|Milwaukee Sentinel 11.21.1969|
Source: "Mrs. Paradowski Dies, 55," Milwaukee Sentinel, November 21, 1969, pg. 13
James Groppi. He was another individual who set an example by his actions, although many of us did not see it at the time.
Father James Groppi started his career as a regular parish priest at St. Veronica's parish in 1959. (I was actually attending church there at that time, but I was way too young to remember him). In 1963, he was transferred to St. Boniface, an inner-city parish. It was there that he saw first hand the detrimental affects of poverty and social injustice. He decided he must do what he could to correct the situation.
It is way beyond the scope of this note to try to tell the story of his work. (Those interested can read the sources listed below, and many others, that can be found about his career.) Suffice it to say that his activities garnered national attention, and quite a lot of local animosity. Much of that animosity arose from the historically Polish neighborhoods on the South and East Sides. One of the things that Father Groppi strove for was the basic principal that anyone should be able to live in the neighborhood of their choosing. However, that's not the way many in the Polish neighborhoods saw it. By the 1960's, those neighborhoods were already loosing much of their ethnic identity and cohesiveness as young families choose to move to the suburbs. This flight meant there was room for non-Poles to move in, but many in those neighborhoods wanted to shut out any non-whites. The perceived differences of the new-comers generated fear: fear of increasing crime and decreasing property values, among others. As a leader of the civil rights movement, and one who kept pushing, and pushing and pushing even harder for fair housing, Father Groppi became a lightning rod for this fear and the hatred it generated.
There was one especially regrettable incident in August, 1967. In what was undoubtedly intended as a provocation, Groppi held a picnic for 250 of his mostly-black parishioners in Kosciusko Park. An angry crowd of 2,000 whites gathered and jeered at them for the audacity of coming into "their" neighborhood. The mob threw rocks and bottles at the picnickers. Police wearing riot gear had to come to restore order. It was not one of the bright spots in the history of our community. Now, we recognize that James Groppi was right, and those who opposed him were wrong. A person should not be denied a house because of the color of his or her skin. It was sad to see the once vibrant, close-knit Polish neighborhoods decline, but that was caused by many socio-economic factors and not by the individuals who wanted to move into the community.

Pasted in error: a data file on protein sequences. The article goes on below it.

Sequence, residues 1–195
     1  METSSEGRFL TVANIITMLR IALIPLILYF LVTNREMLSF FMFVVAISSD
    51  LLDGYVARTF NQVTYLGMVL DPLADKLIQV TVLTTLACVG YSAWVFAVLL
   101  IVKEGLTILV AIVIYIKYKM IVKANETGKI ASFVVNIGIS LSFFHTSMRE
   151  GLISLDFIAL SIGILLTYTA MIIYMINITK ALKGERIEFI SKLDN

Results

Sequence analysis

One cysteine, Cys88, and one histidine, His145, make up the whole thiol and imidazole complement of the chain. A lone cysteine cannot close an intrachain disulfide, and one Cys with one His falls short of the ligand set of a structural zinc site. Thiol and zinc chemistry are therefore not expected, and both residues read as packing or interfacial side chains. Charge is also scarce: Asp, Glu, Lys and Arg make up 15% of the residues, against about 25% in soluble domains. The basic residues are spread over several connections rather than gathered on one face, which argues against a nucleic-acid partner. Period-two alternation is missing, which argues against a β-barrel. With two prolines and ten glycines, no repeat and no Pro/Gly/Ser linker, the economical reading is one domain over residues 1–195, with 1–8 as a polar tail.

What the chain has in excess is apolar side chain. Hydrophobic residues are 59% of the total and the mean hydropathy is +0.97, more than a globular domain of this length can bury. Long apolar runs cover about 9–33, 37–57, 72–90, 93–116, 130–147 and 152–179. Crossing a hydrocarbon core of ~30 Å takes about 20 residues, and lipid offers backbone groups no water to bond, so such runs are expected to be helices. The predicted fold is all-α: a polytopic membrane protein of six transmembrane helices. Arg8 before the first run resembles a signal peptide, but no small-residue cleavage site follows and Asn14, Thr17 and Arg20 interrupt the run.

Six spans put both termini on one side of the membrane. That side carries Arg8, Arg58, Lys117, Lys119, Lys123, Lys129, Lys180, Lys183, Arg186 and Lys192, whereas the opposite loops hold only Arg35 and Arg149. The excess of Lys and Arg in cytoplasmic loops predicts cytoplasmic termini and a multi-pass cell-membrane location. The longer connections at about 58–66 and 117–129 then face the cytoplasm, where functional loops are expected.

Without trying to downplay the error of our community, it is also safe to say that the prejudices of the Polish community were probably shared by most of the whites in Milwaukee at the time. If our reactions to Father Groppi were more violent than others, it may be because it was our neighborhoods that were most "on the front line." Father Groppi was definitely ahead of his time in his views on civil rights and it was our fault not to recognize more quickly the justice in his actions.
Another belief held by Father Groppi that was not shared by most at the time (and which is still anathema to many, including the Church hierarchy) was the conviction that Roman Catholic priests should be allowed to marry. James Groppi carried out that conviction in April, 1976, when he married the woman he loved, Margaret Rozga. (She is the daughter of Jeanette (Paradowski) Rozga, and a first cousin, 2x removed to Roman J. Paradowski (Featured Profile #39)). The two had met during a voting rights trip to Alabama in 1965 which only goes to show that the Milwaukee Polish community also had civil rights advocates. The marriage meant that he could no longer function as a Roman Catholic priest. He thought briefly of converting to the Episcopal faith and the Episcopal Bishop in Detroit offered him a position. However, Groppi could neither give up his Roman Catholic faith, nor live apart from his city. Instead, he returned Milwaukee and drove a cab.
He died in 1985 at the age of 54 from a brain tumor. He left his wife and three children surviving. His funeral mass was said in St. Leo's Church and he is buried in Mount Olivet Cemetery.
Balousek, Marv, "James Groppi: Radical Priest and Unpopular Hero," in Wisconsin Heroes, excerpted at Madison.com
Folkart, Burt A., "James Groppi, Ex-Priest, Civil Rights Activist, Dies," L.A. Times, November 5, 1985
Fr. James Edmund Groppi at Find a Grave.
Gurda, John, The Making of Milwaukee, Milwaukee County Historical Society (1999, 2006, 2008)pgs. 365-76.
Heise, Kenan "Milwaukee Activist James Groppi, 54" Chicago Tribune, November 5, 1985
Ivey, Mike, "Father Groppi's Legacy Demanded Stinging Speech, says Rozga," from The Capital Times
"James E. Groppi, Dead at 54; Ex-Priest Led Rights Fight," New York Times, November 5, 1985
James Groppi on Wikipedia
Stotts, Stuart, Father Groppi: Marching for Civil Rights, State Historical Society of Wisconsin, 2013